The motion court denied the defendants' motion. The court reasoned that there were questions of fact as to whether the plaintiff was injured as a result of the condition of the subject steps.

For the reasons set forth below, I believe that the motion court erred in denying summary judgment dismissing the plaintiff's complaint in its entirety. It is well settled that in slip and fall cases a defendant is entitled to summary judgment as a matter of law when a plaintiff provides testimony at a deposition that he/she was unable to identify the cause of the accident. Reed v. Piran Realty Corp., 30 AD3d 319, 818 N.Y.S.2d.58(1st Dept. 2006), lv. denied, 8 NY3d 801, 828 N.Y.S.2d 292, 861 N.E.2d 108 (2007); Kane v. Estia Greek Restaurant, Inc., 4 AD3d 189, 772 N.Y.S.2d 59 (1st Dept. 2004); Birman v. Birman, 8 AD3d 219, 777 N.Y.S.2d 310 (2nd Dept. 2004). While plaintiff's evidence need not positively exclude every possible cause of her fall other than alleged staircase defects, it must be sufficient to permit a finding of proximate cause based on logical inferences, not speculation. Schneider v. Kings Hwy. Hosp. Ctr., 67 N.Y.2d 743, 500 N.Y.S.2d 95, 490 N.E.2d 1221 (1986).

Here, I believe that the defendants demonstrated prima facie entitlement to judgment as a matter of law through the deposition testimony of the plaintiff that she was unable to identify the cause of the fall. Moreover, I do not believe that the plaintiff, in opposition to defendants' motion, produced any evidentiary proof sufficient to establish the existence of material issues of fact requiring a trial.

In my opinion, the motion court, in determining the existence of an issue of fact, improperly relied on plaintiff's deposition testimony that she "believe[d] it was the shiny part on the stairs" that "might" have caused her to slip. This testimony was solicited after the plaintiff told defense counsel that she wanted to "come back to your question what really made me fall." The defense attorney, of course, was not bound by any answers the plaintiff wanted to provide. It was the obligation of her attorney to subsequently ask her the same direct question. Instead, he phrased the question in a way ("what do you think might have caused you to slip?)(emphasis added)) that invited the plaintiff to speculate. Thus, her speculative answer was insufficient to raise an issue of fact.

Further, the motion court improperly relied on the plaintiff's affidavit which, in my view, merely created a "feigned" issue of fact. This Court has found that " [a] party's affidavit that contradicts [his or] her prior sworn testimony creates only a feigned issue of fact, and is insufficient to defeat a properly supported motion for summary judgment.'" Pippo v. City of New York, 43 AD3d 303, 304, 842 N.Y.S.2d 367, 368 (1st Dept. 2007) quoting Harty v. Lenci, 294 A.D.2d 296, 298, 743 N.Y.S.2d 97, 98 (1st Dept. 2002). Here, the plaintiff unequivocally testified at her deposition that she did not know what caused her to fall. Thus, I would reject the plaintiff's contradictory attestation, in an affidavit executed approximately four months after the defendants filed for summary judgment and approximately 16 months after her deposition, that she was caused to fall because the steps were not completely covered by non-skid material.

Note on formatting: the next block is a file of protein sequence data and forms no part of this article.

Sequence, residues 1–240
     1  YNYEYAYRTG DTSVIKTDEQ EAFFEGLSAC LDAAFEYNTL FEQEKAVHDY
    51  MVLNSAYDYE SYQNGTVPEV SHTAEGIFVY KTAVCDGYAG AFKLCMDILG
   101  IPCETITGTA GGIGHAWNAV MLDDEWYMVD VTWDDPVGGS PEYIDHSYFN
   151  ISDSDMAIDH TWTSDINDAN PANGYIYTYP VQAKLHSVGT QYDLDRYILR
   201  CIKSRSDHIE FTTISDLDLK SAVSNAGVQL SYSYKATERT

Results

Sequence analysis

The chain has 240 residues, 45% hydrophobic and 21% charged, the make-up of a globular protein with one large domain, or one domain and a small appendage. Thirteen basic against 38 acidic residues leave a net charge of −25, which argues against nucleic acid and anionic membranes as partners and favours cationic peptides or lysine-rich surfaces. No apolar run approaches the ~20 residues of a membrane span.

In the absence of any evidence connecting the alleged violation to the plaintiff's fall, I do not believe that any reasonable inferences as to causation can be drawn from plaintiff's expert's opinion that the staircase violated the New York City Administrative Code, creating an unsafe condition. See Reed, 30 AD3d at 320, 818 N.Y.S.2d at 59-60. Accordingly, I would grant summary judgment dismissing the complaint.

THIS CONSTITUTES THE DECISION AND ORDER OF THE SUPREME COURT, APPELLATE DIVISION, FIRST DEPARTMENT.

20091020

© 1992-2009 VersusLaw Inc.



Buy This Entire Record For $7.95

Official citation and/or docket number and footnotes (if any) for this case available with purchase.

Learn more about what you receive with purchase of this case.